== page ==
Ministerio Fiscal [Spain] v V.L.
CJEU rules that judicial authorities adjudicating on the detention of a TCN without a legal right of residence can receive an application for international protection even though they are not competent, under national law, to register such applications
According to the CJEU press release:
On 12 December 2019, a vessel carrying 45 men from third countries, including VL, a Malian national, was intercepted by the Spanish Marine Rescue service off the coast of Gran Canaria (Spain), where the third-country nationals were taken. The following day, an administrative authority ordered their removal and made a request for detention before the Juzgado de Instrucción nº 3 de San Bartolomé de Tirajana (Court of Preliminary Investigation No 3 of San Bartolomé de Tirajana, Spain). Once that court had informed him of his rights, VL stated his intention to apply for international protection. On account of the lack of available accommodation in a humanitarian reception centre, that court ordered that VL be detained in a detention centre for foreign nationals, where his application for international protection was to be processed. VL then appealed against the detention decision before that court, on the ground that it was incompatible with the Asylum Procedures Directive and Directive 2013/332 (‘the Reception Conditions Directive’). In those appeal proceedings, the court made a reference to the Court of Justice for a preliminary ruling, inter alia, on whether it fell within the concept of ‘other authorities’, within the meaning of the second subparagraph of Article 6(1) of the Asylum Procedures Directive, and, accordingly, whether it is likely to receive applications for international protection. It also asked the Court to rule on the lawfulness of holding VL in detention.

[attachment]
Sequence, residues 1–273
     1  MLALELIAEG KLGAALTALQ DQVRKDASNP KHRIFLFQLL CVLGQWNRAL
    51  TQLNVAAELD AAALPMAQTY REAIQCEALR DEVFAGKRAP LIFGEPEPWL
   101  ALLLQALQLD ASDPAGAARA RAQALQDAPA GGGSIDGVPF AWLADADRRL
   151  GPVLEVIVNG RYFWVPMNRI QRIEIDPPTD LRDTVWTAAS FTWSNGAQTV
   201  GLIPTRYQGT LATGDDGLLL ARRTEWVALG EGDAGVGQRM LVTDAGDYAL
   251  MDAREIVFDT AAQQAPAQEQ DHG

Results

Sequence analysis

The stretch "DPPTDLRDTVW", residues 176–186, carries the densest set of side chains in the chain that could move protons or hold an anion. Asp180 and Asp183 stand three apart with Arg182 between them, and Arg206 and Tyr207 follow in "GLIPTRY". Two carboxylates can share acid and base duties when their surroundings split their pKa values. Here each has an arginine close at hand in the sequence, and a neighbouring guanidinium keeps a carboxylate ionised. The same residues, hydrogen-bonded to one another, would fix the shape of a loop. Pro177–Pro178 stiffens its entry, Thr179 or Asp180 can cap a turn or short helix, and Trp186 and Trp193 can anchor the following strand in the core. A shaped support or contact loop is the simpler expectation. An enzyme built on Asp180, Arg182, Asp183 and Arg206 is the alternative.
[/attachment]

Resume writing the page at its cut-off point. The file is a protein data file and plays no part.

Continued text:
The Court held that examining magistrates called upon to adjudicate on the detention of a third-country national without a legal right of residence fall within the concept of ‘other authorities’, within the meaning of the second subparagraph of Article 6(1) of Directive 2013/321 (‘the Asylum Procedures Directive’), which are likely to receive applications for international protection, even though they are not competent, under national law, to register such applications. On that basis, examining magistrates are required to inform the applicant as to the specific procedures for lodging such an application. The Court also ruled that the fact that it is not possible to find accommodation in a humanitarian reception centre cannot justify holding an applicant for international protection in detention.
Access to procedures; Asylum Procedures/Special Procedures; Detention/ Alternatives to Detention; Reception/Accommodation;
European Union, Court of Justice of the European Union [CJEU], Ministerio Fiscal [Spain] v V.L., C-36/20 PPU, ECLI:EU:C:2020:331, 25 June 2020. Link redirects to the English summary in the EASO Case Law Database.